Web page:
My All-American (2015)
Directed by Angelo Pizzo
Angelo Pizzo has written four movies: “Hoosiers,” “Rudy,” “The Game of Their Lives,” and 2015’s “My All-American,” the true story of Texas Longhorns safety Freddie Steinmark. Notice a trend? They’re all inspirational sports movies, yes. But also the downward trend, from arguably the best sports movies of all-time to, frankly, one of the worst. “My All-American” seems like a parody of the great sports movies of old. It preaches “try your hardest,” but then, in practice, doesn’t put in much effort.
Undersized running back Freddie Steinmark (Finn Wittrock) had expected to play college football for his hometown Colorado Buffaloes. But when legendary coach Darrell Royal (Aaron Eckhart) offers the scrappy blue collar boy a full scholarship to play safety at the University of Texas, Steinmark’s life changes course. When his high school girlfriend Linda (Sarah Bolger) gets her acceptance letter to Texas, Steinmark is on top of the world. He has his girlfriend. He has the support of his family. He has hopes to play for the Chicago Bears. But in the middle of a record season, with Texas on the road to a possible championship, Steinmark has an injury that could threaten his football career forever.
Acting is at its most stilted in “My All-American.” Wittrock is a heartthrob, but you can’t hide bad acting in a nice tan and a beaming smile. He’s an amateur here. He was irritating, right down to the way he holds his mouth. He looked like a constipated Christoph Waltz. And his character starts off as a selfish, unlikable guy. He’s the cocky type that doesn’t know when he’s being made fun of. Aaron Eckhart gives us a ridiculous Southern accent and a stereotyped football coach character. Halftime pep talks are at their most clichéd. Blame the script, which is in every way a highly inferior “Rudy.” Start with the insincere, love-at-first-sight romance. To write his girlfriend’s name in this review, I had to look it up. I didn’t remember it. That’s because Linda is hardly a character at all. Really, nobody was. There was no characterization. There’s a spattering a religious references meant to boost the inspirational shtick, but they never dig into it, maybe for fear of coming off as a “Christian” movie that’s only seen by church congregations. The direction, too, is amateurish. To be fair, this is Pizzo’s first directing effort. Lots of rubbing of brows to show concern. It’s a first-film thing to suggest. Plus, the football choreography shows players missing tackles so intentionally it’s almost funny. There are a few fumbles, too, that are clearly just actors letting go of the football. And the plot is barely there. You don’t really know the point of the story until about two-thirds of the way too. Until Steinmark’s injury, he’s just your above-average hard-working player. By the time you see the purpose, you don’t care. You can’t get invested. It’s too long. It’s just bad.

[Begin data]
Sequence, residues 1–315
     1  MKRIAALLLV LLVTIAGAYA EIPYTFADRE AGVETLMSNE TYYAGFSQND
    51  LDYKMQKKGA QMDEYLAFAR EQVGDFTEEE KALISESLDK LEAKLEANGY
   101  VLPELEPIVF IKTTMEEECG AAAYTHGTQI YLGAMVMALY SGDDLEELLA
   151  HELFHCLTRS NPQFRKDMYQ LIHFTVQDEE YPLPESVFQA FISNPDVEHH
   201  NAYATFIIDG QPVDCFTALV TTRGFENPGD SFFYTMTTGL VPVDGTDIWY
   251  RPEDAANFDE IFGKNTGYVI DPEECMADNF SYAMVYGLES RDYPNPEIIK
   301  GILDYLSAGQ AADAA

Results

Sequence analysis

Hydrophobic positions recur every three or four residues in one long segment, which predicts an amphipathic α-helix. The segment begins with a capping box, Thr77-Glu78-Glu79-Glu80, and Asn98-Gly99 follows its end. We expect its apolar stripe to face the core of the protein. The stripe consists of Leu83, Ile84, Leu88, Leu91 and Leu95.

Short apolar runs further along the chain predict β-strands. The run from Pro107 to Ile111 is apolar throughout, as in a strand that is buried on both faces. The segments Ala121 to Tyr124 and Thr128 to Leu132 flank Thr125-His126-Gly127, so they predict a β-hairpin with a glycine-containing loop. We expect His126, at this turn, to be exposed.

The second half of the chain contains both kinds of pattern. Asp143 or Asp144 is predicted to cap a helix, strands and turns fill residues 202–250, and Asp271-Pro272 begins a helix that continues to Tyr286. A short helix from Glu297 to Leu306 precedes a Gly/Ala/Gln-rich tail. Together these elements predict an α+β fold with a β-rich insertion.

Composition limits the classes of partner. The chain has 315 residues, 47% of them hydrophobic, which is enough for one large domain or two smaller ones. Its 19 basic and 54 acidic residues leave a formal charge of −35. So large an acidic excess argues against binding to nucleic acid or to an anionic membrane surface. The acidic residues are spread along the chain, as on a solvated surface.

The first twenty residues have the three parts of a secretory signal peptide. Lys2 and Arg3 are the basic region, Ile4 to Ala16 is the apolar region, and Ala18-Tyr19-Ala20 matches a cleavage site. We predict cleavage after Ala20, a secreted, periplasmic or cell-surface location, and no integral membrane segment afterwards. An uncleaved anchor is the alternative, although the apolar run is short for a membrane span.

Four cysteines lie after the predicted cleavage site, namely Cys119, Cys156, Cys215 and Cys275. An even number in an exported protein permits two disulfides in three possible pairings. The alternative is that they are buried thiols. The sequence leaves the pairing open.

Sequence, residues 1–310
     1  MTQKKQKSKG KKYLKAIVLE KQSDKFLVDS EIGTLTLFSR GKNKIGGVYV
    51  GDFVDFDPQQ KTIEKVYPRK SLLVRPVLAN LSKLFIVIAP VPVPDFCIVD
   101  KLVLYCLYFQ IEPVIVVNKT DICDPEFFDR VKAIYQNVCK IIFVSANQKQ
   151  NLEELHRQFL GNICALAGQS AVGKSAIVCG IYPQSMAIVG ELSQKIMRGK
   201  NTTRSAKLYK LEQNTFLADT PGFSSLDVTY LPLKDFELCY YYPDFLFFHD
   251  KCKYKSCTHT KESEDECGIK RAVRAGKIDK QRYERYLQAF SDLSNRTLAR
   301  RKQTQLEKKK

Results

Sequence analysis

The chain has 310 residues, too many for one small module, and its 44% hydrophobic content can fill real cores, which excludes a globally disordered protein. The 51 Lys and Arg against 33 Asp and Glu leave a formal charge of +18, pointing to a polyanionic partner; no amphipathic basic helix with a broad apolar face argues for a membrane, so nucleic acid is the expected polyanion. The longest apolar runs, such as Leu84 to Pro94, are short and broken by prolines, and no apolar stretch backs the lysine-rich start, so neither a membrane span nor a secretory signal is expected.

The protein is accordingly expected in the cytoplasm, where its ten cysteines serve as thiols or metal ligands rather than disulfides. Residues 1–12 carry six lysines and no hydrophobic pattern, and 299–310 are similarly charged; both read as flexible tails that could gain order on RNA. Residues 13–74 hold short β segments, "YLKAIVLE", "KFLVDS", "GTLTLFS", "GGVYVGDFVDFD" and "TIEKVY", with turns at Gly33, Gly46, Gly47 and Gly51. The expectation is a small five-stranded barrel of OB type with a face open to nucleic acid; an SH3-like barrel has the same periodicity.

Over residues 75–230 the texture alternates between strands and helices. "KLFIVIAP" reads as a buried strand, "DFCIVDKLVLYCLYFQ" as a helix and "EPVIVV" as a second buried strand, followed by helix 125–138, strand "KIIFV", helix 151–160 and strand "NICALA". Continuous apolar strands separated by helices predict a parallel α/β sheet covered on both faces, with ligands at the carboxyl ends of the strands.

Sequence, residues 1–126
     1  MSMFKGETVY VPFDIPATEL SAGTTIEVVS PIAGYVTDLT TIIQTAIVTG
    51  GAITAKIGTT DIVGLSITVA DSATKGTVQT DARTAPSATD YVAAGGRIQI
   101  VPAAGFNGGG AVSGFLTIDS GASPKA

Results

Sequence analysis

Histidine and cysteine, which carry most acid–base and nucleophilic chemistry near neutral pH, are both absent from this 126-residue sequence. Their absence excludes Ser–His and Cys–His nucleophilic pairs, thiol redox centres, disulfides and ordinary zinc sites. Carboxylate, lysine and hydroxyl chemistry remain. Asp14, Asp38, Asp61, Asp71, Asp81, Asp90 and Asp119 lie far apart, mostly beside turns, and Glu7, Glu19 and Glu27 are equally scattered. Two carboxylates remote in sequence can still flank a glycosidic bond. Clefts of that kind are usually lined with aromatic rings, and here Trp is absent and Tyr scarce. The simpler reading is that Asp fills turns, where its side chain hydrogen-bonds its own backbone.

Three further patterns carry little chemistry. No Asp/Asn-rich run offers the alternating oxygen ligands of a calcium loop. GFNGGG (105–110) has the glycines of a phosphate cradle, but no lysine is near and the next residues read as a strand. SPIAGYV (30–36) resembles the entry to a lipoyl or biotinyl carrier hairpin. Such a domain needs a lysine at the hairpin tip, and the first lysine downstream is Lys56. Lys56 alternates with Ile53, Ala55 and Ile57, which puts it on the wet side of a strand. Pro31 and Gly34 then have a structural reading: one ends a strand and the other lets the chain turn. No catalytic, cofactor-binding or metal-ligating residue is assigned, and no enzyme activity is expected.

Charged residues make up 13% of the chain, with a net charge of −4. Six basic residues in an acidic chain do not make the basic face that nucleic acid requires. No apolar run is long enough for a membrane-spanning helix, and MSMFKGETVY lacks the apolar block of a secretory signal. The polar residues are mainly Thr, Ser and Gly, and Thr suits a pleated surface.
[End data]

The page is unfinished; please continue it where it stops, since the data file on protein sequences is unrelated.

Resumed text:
“My All-American” is a sad excuse for a sports movie. Sappy is a poor substitute for inspirational. Steinmark’s story is a great one, but “My All-American” isn’t the movie he deserved.